The sequel — harsh reality sets in
Where was I yesterday? Regulars might have wondered why Macfilos was unusually quiet. Well, your editor was stuck in the mother of all traffic jams: Incommunicado, behind the wheel of the new electric jalopy (see my earlier article on the change from diesel to electricity).
Yesterday was the appointed time to collect the new (to me, at least, for it is “previously owned”) barouche from Norwich. For those outside the UK, this ancient and wonderful city is about 120 miles north-east of my home in London. The morning started promisingly. I set out full of hope on the 11 am train from Liverpool Street station (“to avoid the rush hour” a smart move which came back to haunt me later in the day) and arrived in Norwich 90 minutes later to find a taxi waiting to whisk me to the local Jaguar main agent.
The promised Jaguar Monochrom was sitting there, in a full amount of glory, outside Inchape’s showroom as I stepped out of the taxi: All shiny black bodywork (probably for the only time in its life with me) and off-white leather upholstery. Hence I call it the Monochrom. I was fair itching to get my hands on the keys.
But there were the usual formalities to get through, including a mountain of paperwork, then a handover, rudely curtailed by me because the clock had crept round to 2.45 pm. It was a nasty, damp, gloomy and misty afternoon as I pointed the rather strange car in the direction of Thetford and London. I’ve driven electric cars before, but to be presented with all that technology in such strange guise is more than enough for such a dismal afternoon and, potentially, dismal driving conditions.
The first 65 miles of the 120-mile journey went well. Stopping for a coffee and sausage roll (no time for lunch), I noted consumption of 2.1 miles per kWh (must get used to this new phraseology). At domestic electricity rates, that’s about £4.50, not bad. Setting off again, the Monocat was purring along and I was looking forward to getting home. Except that the navigator was projecting an unfeasibly long journey time which, at the time, I thought must be some sort of mistake.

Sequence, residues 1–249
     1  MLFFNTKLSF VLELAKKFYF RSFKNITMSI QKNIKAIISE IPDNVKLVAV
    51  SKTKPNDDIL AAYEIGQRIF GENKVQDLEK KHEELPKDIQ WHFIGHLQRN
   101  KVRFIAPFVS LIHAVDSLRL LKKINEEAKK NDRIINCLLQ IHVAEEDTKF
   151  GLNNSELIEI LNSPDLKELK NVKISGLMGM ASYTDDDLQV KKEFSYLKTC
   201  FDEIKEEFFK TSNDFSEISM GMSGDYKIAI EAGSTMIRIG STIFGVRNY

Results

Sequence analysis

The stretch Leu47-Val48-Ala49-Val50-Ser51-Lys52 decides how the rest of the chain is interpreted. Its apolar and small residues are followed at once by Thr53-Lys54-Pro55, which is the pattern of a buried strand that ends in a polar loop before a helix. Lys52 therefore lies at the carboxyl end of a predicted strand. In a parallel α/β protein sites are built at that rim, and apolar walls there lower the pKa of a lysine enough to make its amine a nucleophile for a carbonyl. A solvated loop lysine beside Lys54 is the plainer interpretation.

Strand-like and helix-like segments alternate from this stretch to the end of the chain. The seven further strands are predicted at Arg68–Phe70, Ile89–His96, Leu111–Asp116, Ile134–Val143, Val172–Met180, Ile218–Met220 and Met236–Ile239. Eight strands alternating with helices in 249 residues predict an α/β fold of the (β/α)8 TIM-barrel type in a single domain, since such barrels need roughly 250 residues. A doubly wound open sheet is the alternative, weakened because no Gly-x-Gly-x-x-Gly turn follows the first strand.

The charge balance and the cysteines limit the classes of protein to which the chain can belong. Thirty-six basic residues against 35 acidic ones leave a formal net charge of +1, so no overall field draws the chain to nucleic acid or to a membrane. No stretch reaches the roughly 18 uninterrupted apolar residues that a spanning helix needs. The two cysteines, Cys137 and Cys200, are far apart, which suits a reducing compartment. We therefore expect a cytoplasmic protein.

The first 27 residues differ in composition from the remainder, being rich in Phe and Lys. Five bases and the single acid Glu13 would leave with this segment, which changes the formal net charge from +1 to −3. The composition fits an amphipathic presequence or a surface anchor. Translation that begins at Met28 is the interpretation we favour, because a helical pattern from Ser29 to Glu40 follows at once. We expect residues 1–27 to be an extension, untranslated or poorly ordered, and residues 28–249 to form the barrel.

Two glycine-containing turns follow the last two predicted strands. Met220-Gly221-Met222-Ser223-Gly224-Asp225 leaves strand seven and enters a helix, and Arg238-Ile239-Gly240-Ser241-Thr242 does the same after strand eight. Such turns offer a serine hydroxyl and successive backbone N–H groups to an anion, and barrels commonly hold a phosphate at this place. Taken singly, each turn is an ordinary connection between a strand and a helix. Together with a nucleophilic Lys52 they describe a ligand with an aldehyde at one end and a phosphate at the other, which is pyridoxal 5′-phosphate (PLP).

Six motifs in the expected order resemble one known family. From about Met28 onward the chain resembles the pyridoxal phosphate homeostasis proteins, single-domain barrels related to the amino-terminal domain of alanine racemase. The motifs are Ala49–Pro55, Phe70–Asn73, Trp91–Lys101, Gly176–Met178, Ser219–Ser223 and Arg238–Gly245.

Then it started, just as it began to get dark. The M11 motorway was nose to tail and it got worse as London neared. In the end, there was total gridlock, a sea of red lights, and we took a full 90 minutes to cover the last ten miles. This is as bad as I’ve ever seen it, even though I normally try to avoid busy periods. It is probably the worst traffic jam I have ever experienced — and all in a new and unfamiliar car.
A total journey time of 5½ hours for 135 miles (the extra a result of frequent detours to avoid jams) is most unusual and, bearing in mind the constant use of heating, it was not surprising to find only 60 miles left in the batteries when I pulled up to my home. Still, it adds up to a total range of 195 miles, somewhat short of the optimum 230. This in-at-the-deep-end type of journey probably shows an EV at its worst. If it can cope with this, it can manage anything.
None of this is particularly relevant to my future usage pattern because I will be operating largely within the range of my home charger. I should never leave home without a full tank in the future, so range angst will be at a minimum. But the experience does say a lot for driving conditions in the south-east of England. True, this was congestion was probably the result of a series of small incidents, but it’s a disaster nonetheless. Today, fortunately, was another day and, after writing a couple of articles I was out and about in the car. More in a later article.